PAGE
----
His measures plunged the nation into a wave of deadly protests and work stoppages, and drew condemnation from regional and world leaders who insisted on the need to return to civilian leadership. But none of this seemed to soften the resolve of General al-Burhan and his accomplices.
“We are back to square one,” said Sudanese researcher and analyst Dr Jihad Mashamoun. “General al-Burhan has once again sealed the army’s dominance in Sudanese affairs, and the people will come out to face him.
Little known until 2019, General al-Burhan, 61, came to power in the tumultuous aftermath of the military coup that toppled Mr. al-Bashir. Then inspector general of the armed forces, he played a role in sending Sudanese troops, including children, to fight in the civil war in Yemen. He had also served as the commander of the regional army in Darfur, when 300,000 people were killed and millions more displaced in the fighting between 2003 and 2008.
A close associate of Mr al-Bashir, the general firmly believed that the military was the country’s most important institution, equivalent to the state itself, said Cameron Hudson, a non-resident senior researcher at the Center for Africa of the Atlantic Council.
Propelled into the public eye following a popular uprising against the strongman, he has proven to be a reluctant leader, unaccustomed to the international scene. Under the long decades of isolation and international sanctions under Mr. al-Bashir, his sphere of travel had been limited to a handful of countries in the Middle East, including Egypt and the United Arab Emirates.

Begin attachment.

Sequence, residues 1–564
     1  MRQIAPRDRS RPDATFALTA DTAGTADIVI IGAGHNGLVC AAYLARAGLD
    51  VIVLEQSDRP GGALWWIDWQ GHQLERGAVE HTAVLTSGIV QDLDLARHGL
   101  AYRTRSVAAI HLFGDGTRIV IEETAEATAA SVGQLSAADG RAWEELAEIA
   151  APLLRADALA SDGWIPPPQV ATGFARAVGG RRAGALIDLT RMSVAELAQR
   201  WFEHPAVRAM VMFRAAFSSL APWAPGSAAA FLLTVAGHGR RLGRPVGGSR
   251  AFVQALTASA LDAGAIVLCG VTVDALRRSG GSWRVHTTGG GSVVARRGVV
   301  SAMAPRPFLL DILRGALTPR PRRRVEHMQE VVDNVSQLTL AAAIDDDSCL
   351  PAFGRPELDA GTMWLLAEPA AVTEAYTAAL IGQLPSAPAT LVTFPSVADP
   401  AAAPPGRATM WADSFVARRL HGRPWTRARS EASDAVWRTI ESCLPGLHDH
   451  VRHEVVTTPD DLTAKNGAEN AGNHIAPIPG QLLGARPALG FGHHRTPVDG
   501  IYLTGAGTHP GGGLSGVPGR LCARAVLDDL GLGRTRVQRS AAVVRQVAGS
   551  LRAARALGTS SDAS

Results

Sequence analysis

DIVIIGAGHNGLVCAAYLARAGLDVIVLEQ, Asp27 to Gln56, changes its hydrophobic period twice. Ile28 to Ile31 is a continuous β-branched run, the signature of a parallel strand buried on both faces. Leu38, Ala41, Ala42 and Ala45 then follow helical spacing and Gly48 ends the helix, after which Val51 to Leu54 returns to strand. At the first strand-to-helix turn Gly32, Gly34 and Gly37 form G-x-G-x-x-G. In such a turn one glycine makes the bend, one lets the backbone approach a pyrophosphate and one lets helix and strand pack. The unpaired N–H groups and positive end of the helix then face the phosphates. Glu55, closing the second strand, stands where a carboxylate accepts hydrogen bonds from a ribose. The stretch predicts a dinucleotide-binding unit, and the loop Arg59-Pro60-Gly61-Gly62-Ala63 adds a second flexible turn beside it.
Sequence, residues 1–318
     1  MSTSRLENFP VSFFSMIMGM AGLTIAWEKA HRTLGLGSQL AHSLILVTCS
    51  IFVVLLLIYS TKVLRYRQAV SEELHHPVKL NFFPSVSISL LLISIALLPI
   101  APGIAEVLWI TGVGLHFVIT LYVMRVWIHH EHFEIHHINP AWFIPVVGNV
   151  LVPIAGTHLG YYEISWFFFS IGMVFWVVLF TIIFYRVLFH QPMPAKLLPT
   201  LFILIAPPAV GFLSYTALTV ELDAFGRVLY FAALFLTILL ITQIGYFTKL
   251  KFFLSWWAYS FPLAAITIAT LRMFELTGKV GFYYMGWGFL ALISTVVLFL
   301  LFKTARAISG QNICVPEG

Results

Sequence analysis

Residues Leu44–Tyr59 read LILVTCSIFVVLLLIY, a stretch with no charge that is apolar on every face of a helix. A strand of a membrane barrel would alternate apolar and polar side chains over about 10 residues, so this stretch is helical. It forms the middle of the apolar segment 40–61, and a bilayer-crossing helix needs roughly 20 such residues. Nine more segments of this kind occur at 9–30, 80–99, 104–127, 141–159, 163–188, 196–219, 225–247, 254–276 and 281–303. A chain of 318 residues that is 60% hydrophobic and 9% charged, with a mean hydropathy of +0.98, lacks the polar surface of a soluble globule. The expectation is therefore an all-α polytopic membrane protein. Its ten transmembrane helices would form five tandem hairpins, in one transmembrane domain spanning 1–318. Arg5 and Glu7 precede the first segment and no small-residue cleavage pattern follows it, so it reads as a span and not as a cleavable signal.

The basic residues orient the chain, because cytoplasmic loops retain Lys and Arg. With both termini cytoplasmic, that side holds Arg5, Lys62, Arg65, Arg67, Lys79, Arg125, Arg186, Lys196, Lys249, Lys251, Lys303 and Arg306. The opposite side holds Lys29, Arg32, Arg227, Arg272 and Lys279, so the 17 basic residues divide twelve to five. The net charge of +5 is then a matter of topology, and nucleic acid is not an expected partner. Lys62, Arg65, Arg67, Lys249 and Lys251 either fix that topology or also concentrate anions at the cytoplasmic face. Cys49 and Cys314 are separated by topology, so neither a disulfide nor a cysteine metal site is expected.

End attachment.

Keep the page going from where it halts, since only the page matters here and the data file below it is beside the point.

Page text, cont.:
In contrast, Prime Minister Hamdok, 65, an economist by training, had spent much of his career working in international financial institutions and consulting firms.
The two leaders remained friendly at first, with Mr. Hamdok’s government overseeing a series of reforms that succeeded in removing Sudan from the U.S. list of countries that sponsor terrorism, outlawing female circumcision and abolishing laws on it. ‘apostasy. He also signed a peace agreement with rebel groups.
But their relationship quickly deteriorated over the issue of how to better run the country and the economy. These differences worsened after an attempted coup in September.
Tensions have grown further in recent months, as pro-democracy groups have stepped up calls for the military to hand over power to civilians and for the transitional government to investigate human rights violations and corruption under Mr. . al-Bashir. The military has hesitated, analysts and officials said, fearing that any measure of accountability would expose their personal, financial and factional interests.